CLARINET QUINTET IN B MINOR, OPUS 115
IV. Con moto
Thirty years after he had begun work on the piano quintet, the 57 year-old Brahms decided to retire and give up composition. But upon meeting the clarinet virtuoso Richard Mühlfeld, Brahms was inspired to un-retire and write several new works for him, among them a quintet for clarinet and string quartet. The work received its first hearing on November 24, 1891 in a performance with Mühlfeld on clarinet and a string quartet led by Joseph Joachim. (It is not an unreasonable stretch to think that my viola, which belonged to Joachim, may have been in this performance.)
The shadow of Mozart’s masterpiece can be felt throughout: the two quintets share a dark autumnal feel, and there are specific references by Brahms to the young master’s late work. Like Mozart, Brahms also introduces the clarinet after the strings have played the theme and ends the piece with a set of variations, letting the viola speak last.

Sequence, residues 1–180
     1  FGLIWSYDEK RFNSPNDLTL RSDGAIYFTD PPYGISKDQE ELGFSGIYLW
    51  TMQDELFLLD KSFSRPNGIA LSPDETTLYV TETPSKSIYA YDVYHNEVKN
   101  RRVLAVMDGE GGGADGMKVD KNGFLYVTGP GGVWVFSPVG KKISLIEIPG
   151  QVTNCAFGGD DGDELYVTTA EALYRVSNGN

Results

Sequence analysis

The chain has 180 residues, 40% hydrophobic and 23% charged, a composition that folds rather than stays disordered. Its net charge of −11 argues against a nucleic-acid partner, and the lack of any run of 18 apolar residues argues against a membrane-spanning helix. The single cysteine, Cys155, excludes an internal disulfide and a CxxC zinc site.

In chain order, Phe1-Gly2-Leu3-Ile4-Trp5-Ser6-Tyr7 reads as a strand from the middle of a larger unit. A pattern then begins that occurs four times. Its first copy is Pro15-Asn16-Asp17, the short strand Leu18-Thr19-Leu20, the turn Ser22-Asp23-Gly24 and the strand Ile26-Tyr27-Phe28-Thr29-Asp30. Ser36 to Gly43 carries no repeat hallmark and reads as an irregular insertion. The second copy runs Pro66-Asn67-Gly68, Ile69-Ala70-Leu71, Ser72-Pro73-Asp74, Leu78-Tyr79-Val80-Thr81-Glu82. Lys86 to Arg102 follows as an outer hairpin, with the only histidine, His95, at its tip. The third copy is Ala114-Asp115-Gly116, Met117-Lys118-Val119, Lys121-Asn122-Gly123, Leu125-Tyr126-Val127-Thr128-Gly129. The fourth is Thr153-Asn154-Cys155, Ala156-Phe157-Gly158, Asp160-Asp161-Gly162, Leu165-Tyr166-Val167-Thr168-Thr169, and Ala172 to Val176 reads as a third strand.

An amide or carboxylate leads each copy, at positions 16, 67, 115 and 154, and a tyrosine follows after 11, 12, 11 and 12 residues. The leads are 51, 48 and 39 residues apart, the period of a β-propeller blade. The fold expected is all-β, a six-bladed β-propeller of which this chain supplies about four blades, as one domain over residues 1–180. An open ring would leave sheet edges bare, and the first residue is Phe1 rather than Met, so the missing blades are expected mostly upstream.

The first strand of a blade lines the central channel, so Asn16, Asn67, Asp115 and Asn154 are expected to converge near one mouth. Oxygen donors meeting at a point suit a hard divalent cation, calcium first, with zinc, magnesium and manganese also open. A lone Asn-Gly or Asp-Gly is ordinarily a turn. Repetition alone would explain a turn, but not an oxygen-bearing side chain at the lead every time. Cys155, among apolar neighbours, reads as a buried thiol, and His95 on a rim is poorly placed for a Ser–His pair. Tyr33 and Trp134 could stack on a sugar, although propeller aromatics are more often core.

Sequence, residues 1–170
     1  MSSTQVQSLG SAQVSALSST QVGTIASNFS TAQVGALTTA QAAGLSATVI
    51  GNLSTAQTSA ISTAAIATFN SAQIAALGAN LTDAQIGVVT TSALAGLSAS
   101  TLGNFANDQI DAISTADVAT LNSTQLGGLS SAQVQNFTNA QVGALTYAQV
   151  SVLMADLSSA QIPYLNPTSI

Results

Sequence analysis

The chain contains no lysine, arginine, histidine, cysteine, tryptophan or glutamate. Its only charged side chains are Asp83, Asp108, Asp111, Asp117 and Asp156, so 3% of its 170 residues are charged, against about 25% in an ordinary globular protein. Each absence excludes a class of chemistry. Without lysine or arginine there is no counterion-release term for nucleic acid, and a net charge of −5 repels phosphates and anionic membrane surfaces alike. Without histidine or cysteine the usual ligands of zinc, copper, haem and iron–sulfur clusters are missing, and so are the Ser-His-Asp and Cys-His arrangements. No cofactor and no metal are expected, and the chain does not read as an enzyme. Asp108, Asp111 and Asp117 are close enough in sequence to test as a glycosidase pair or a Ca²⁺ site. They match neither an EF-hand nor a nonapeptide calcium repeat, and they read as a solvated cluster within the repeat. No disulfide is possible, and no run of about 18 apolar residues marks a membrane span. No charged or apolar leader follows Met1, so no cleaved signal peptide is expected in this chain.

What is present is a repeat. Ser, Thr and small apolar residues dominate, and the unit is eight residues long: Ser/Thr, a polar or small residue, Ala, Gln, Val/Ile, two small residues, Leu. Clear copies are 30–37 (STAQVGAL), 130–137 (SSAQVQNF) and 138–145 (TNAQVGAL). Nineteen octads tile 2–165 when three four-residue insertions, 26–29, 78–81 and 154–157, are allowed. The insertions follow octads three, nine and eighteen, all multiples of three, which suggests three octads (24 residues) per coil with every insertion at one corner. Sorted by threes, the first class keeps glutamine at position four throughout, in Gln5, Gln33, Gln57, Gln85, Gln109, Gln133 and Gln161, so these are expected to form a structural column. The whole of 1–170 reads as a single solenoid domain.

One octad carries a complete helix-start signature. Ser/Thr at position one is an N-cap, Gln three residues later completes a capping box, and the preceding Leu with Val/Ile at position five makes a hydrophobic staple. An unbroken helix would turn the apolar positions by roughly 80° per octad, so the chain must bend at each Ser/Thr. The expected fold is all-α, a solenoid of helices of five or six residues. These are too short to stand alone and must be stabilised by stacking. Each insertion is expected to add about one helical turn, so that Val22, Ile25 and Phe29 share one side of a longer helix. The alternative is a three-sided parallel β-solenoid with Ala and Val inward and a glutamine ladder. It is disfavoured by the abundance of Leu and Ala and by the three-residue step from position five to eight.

I discover something new every time I return to this piece and find it manages to be heartbreaking without becoming maudlin. The last movement ends unexpectedly with the opening from the first movement, yet, far from being jarring, it feels sad and inevitable, almost like the gentle departure of a beloved from this world.
Program notes by David Yang